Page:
Practices of writing: early modern metaphors of literacy and the function of composition, past and present
Georgecink, Susan Hrach
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This dissertation is situated within the body of historical studies of literacy, critiquing the quantitative measurement of literacy in early modern England. In keeping with new trends in literacy studies, this rhetorical analysis of a diverse group of texts, from handwriting manuals to George Herbert's poetry, provides a conceptual counterpart to previous statistical studies of the period. The use of metaphor to frame each chapter lends a crucial flexibility to the act of describing early modern literacy practices, and provides a means of comparison with the literacy practices promoted by contemporary composition pedagogy. As well as enriching the context of recent theories of composition, this historical study of literacy elicits further questions about the fundamental orientation of the modern discipline. Early modern literacy guides manifest the implied virtues of education and demonstrate how moral-philosophical and economic merits of literacy have been placed in opposition. Through Stuart-era mothers' legacy texts and the poetry of Mary Sidney, Lady Wroth, the personal and social risks entailed in writing are revealed; while a writer can establish social solidarity and signify an identity through text, the act of writing can threaten her with disenfranchisement. The circumstances of early modern women and contemporary student writers suggest that both engage in precarious practices of literacy. George Herbert's poetry evinces a private, protected practice of writing-to-learn that allows for rhetorical experimentation and a means to comprehension and cognitive exploration. The use of writing as a mode of contemplation, which Herbert ably demonstrates, offers all writers a model for expression as knowledge-transformation. Reflecting on the usefulness of early modern textual examples in addressing what purposes compositionists envision writing to serve, this dissertation ultimately seeks to address how composition pedagogies may encourage (or thwart) student writers in their pursuit of composing purposeful texts. Viewing literacy through an historical lens affords a new consideration of the role writing instruction plays within a system where education functions overtly as a class mechanism.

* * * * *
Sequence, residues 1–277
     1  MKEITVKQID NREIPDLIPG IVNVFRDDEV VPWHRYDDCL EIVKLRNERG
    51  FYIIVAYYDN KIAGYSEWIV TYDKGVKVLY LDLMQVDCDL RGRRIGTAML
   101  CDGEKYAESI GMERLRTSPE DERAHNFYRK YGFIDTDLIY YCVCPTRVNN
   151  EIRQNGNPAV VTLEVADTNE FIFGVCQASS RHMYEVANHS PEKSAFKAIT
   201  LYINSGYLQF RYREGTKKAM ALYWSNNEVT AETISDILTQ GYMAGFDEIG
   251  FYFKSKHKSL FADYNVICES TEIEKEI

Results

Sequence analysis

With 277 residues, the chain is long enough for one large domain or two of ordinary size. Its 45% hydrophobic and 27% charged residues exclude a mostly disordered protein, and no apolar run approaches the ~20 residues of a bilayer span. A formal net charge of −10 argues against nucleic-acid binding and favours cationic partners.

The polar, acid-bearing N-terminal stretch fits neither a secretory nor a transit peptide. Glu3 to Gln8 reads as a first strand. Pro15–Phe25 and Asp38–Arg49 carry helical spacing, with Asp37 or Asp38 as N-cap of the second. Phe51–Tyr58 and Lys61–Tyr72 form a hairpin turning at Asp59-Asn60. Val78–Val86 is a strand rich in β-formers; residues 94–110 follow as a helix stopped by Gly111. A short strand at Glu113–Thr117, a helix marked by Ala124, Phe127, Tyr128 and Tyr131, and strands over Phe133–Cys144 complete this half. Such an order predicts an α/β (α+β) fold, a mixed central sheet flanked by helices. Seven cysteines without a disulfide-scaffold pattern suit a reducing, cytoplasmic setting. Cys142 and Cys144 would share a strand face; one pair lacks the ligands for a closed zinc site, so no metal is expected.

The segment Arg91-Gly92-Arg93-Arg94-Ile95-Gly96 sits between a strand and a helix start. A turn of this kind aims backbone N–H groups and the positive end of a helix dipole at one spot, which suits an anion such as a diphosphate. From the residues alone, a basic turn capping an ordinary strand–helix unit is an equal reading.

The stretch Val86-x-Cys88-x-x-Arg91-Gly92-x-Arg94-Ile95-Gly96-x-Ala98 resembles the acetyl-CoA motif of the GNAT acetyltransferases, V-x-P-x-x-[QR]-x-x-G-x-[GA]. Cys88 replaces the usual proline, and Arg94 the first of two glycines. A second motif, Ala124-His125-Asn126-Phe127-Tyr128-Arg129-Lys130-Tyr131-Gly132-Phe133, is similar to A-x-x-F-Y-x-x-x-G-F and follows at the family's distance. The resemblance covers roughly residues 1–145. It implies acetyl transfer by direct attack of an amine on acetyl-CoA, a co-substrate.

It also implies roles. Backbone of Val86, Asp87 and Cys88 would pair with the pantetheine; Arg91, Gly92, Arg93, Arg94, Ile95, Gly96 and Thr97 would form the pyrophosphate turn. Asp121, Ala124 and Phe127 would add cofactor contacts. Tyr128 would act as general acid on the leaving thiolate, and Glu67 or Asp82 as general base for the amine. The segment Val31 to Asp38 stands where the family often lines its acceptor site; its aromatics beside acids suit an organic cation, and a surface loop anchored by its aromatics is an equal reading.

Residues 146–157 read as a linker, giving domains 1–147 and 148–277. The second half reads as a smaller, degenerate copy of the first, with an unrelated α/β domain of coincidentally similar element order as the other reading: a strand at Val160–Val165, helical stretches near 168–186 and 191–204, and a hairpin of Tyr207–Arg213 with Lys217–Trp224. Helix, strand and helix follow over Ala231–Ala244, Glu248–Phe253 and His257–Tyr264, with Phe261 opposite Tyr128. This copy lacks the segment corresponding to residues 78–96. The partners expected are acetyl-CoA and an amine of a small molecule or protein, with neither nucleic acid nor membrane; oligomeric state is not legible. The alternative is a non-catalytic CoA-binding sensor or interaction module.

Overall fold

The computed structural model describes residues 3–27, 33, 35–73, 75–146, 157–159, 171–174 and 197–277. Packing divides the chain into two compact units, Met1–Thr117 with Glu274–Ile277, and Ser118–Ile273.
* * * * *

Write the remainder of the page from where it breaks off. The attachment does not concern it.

- English